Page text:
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Teaching Children to Care for Pets

Teaching Children to Care for Pets

I always think it’s lovely if children grow up in a house with a family pet.
Apart from the many documented benefits of sharing a home with a furry (or even non-furry!) friend, it gives little ones the chance to learn many important life lessons.
Children get to learn understanding (as pets can’t talk human, children have to learn to watch for clues about an animal’s needs or behaviour), plus all about how various animal species differ.
They learn to share kindness and compassion – whether it’s just a stroke of a head as they pass on their way to school, or a big cuddle after being out all day.
A pet teaches kids about responsibility and caring for others. Whilst responsibility can be increased as children get older, even young children can understand how much the family pet needs help from its human companions.  Animals are also great teachers about respect and boundaries, as well as trust, friendship and love.  Pets can also help children learn to focus on others, and that sometimes it’s important to put someone else’s needs first.  Pets also help teach kids about communication methods, including learning to praise.
It’s great when children can get involved hands-on with looking after a family pet – but please make sure the tasks you allocate are age appropriate, and always bear in mind the temperament of the animal and the relationship with the child.  Always wise to stay on the side of caution and take things slow if you’re unsure – and there should always be a grown-up around to supervise, just incase! Animals can have ‘off days’ when they act a bit out of character, just like us humans.
Some task are easier than others for little helpers. Very small children love playing with water, so helping fill water bowls can be a great task to start with.  They can also be good at cleaning up used dishes and tidying up all the pet toys that get strewn about the place.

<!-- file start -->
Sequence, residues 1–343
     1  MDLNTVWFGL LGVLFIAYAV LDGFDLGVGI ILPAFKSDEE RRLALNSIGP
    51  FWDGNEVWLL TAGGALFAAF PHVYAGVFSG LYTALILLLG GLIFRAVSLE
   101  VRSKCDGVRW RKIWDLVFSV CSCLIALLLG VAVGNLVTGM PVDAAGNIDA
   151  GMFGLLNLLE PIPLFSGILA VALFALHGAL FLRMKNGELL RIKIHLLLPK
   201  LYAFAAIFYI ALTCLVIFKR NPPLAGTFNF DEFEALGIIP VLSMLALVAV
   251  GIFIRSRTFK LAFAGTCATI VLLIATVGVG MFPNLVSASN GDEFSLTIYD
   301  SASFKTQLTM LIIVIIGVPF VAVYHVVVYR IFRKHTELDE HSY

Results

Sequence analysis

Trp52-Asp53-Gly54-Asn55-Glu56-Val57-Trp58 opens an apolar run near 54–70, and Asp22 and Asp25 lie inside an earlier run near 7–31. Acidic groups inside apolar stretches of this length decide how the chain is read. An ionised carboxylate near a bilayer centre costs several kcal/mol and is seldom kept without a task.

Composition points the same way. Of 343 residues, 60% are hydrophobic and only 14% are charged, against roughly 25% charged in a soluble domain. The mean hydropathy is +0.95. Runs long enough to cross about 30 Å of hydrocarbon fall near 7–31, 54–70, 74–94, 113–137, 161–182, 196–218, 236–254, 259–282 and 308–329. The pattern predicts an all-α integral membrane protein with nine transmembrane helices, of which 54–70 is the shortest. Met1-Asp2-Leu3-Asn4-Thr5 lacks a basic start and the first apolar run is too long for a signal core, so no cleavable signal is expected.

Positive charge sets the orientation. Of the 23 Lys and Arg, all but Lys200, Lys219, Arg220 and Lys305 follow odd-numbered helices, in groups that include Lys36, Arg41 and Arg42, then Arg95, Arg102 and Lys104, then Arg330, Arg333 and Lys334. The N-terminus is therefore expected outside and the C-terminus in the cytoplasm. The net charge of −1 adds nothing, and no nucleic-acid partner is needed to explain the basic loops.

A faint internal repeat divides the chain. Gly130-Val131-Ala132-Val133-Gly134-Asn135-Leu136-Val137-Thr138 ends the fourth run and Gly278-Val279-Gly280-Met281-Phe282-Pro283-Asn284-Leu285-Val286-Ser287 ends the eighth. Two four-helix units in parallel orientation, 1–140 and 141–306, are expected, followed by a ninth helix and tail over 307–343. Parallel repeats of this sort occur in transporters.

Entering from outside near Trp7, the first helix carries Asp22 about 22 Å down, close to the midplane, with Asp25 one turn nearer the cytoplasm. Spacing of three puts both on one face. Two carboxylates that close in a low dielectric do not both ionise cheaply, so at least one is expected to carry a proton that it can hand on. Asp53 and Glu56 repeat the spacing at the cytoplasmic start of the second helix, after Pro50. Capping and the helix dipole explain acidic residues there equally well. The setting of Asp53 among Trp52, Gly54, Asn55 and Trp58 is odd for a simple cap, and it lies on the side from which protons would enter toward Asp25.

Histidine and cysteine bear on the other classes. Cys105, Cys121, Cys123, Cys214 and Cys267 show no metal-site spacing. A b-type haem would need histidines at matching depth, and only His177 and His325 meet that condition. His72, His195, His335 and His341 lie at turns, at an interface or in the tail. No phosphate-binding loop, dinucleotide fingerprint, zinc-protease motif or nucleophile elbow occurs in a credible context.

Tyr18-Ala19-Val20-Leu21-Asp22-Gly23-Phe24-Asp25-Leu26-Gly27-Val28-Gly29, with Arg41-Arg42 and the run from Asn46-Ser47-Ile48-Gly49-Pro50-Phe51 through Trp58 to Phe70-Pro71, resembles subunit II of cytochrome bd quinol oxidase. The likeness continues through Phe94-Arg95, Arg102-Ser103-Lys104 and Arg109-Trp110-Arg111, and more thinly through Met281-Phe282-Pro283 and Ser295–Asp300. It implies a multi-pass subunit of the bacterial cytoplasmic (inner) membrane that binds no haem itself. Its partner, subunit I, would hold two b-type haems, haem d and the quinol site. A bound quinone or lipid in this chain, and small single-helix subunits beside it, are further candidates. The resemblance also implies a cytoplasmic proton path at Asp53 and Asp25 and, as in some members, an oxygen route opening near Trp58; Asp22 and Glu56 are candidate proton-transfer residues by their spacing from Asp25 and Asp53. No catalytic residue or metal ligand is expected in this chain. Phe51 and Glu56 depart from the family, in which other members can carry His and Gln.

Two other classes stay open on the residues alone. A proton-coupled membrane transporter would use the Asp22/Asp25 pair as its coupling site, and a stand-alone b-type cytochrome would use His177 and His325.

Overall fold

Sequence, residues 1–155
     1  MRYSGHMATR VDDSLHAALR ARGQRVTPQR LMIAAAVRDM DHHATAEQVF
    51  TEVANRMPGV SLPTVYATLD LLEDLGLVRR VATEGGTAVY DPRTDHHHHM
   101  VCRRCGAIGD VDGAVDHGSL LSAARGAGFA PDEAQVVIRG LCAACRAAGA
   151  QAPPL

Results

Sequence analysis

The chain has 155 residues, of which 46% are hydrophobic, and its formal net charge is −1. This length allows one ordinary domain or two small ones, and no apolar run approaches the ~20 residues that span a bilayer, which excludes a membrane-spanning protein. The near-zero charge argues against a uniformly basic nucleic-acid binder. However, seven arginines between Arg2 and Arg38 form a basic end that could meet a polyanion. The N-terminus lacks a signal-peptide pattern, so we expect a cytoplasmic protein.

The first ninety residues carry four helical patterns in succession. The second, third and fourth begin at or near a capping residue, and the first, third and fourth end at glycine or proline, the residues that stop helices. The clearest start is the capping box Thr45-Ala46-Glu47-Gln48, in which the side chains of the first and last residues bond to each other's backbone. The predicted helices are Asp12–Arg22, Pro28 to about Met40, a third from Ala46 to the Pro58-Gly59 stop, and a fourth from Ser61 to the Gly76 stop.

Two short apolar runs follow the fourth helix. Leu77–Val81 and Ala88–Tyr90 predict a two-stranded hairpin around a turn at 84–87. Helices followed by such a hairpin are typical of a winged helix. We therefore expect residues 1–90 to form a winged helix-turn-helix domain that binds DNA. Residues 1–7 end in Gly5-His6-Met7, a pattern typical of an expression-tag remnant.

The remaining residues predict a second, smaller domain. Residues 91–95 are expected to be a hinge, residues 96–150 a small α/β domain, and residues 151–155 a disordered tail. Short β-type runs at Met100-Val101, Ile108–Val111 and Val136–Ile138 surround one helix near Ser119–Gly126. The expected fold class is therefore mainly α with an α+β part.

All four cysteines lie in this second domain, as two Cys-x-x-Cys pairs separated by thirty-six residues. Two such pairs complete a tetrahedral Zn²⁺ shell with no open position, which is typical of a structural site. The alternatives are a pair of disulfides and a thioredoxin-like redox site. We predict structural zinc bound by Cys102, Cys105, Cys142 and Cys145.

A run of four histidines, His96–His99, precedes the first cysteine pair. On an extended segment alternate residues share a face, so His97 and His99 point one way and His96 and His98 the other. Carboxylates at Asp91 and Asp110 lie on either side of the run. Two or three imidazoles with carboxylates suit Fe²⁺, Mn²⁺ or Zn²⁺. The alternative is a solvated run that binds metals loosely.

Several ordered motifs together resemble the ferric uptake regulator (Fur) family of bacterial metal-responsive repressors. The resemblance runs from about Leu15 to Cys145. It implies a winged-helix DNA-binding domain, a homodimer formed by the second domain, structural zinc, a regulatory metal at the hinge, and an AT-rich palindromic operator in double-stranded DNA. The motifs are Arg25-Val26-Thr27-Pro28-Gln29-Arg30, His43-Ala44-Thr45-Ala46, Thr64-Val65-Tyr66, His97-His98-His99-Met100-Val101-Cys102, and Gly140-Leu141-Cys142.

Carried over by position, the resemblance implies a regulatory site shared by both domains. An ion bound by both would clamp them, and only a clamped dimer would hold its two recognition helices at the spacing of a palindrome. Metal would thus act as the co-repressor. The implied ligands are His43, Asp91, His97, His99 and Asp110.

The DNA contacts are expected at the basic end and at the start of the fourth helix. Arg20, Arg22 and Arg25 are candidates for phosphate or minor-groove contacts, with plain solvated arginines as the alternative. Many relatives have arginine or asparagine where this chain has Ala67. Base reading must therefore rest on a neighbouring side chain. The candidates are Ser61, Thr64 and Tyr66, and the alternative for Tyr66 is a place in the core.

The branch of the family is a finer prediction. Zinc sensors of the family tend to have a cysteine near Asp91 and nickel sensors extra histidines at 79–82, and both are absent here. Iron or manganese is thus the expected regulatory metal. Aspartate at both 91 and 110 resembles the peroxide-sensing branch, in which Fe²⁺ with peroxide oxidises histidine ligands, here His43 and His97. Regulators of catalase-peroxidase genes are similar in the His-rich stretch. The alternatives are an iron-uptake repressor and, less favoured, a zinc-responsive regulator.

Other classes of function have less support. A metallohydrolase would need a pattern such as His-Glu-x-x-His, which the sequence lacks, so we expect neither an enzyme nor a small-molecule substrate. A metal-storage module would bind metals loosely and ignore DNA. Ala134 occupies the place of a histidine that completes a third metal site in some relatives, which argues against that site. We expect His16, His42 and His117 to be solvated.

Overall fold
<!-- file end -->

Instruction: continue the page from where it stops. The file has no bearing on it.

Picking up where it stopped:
Slightly older children can do more, perhaps help with brushing and grooming, assist with cleaning out pet beds or homes, and maybe also help with exercise and play (as all children love to have fun or throw a ball).
Children ages 10 and over are possibly able to help with most tasks (depending on the size of the animal you have as your pet, of course!). The most unpopular job is always cleaning up after an animal’s toilet activities, so you may still want to keep that as an adult job for a while longer.
Always make sure any children who help look after animals thoroughly wash their hands afterwards. (See – animals can even help educate children about good hygiene habits!).
Remember encouragement reinforces responsibility, so if you praise your child whenever they do something good with a pet – whether that’s a chore or just randomly giving a bit of love and attention, it will encourage that kind behaviour to continue. It’s never too early to start nurturing young people to become animal lovers.
Always remember though, children are children, and they get easily bored and distracted. So, you might need to keep gently reminding them about what you’ve discussed or agreed, with patience, persistence and positive reinforcement – just like you might have to do with your family pet!
And never ever forget that the best way to teach a child anything, including how to be a responsible pet owner, is by demonstrating good practice yourself, so they can follow your examples.
We’d love to hear how your children help with your family pet, so please let us know.
Enjoy spending time with your furry and not so furry family members!
Sue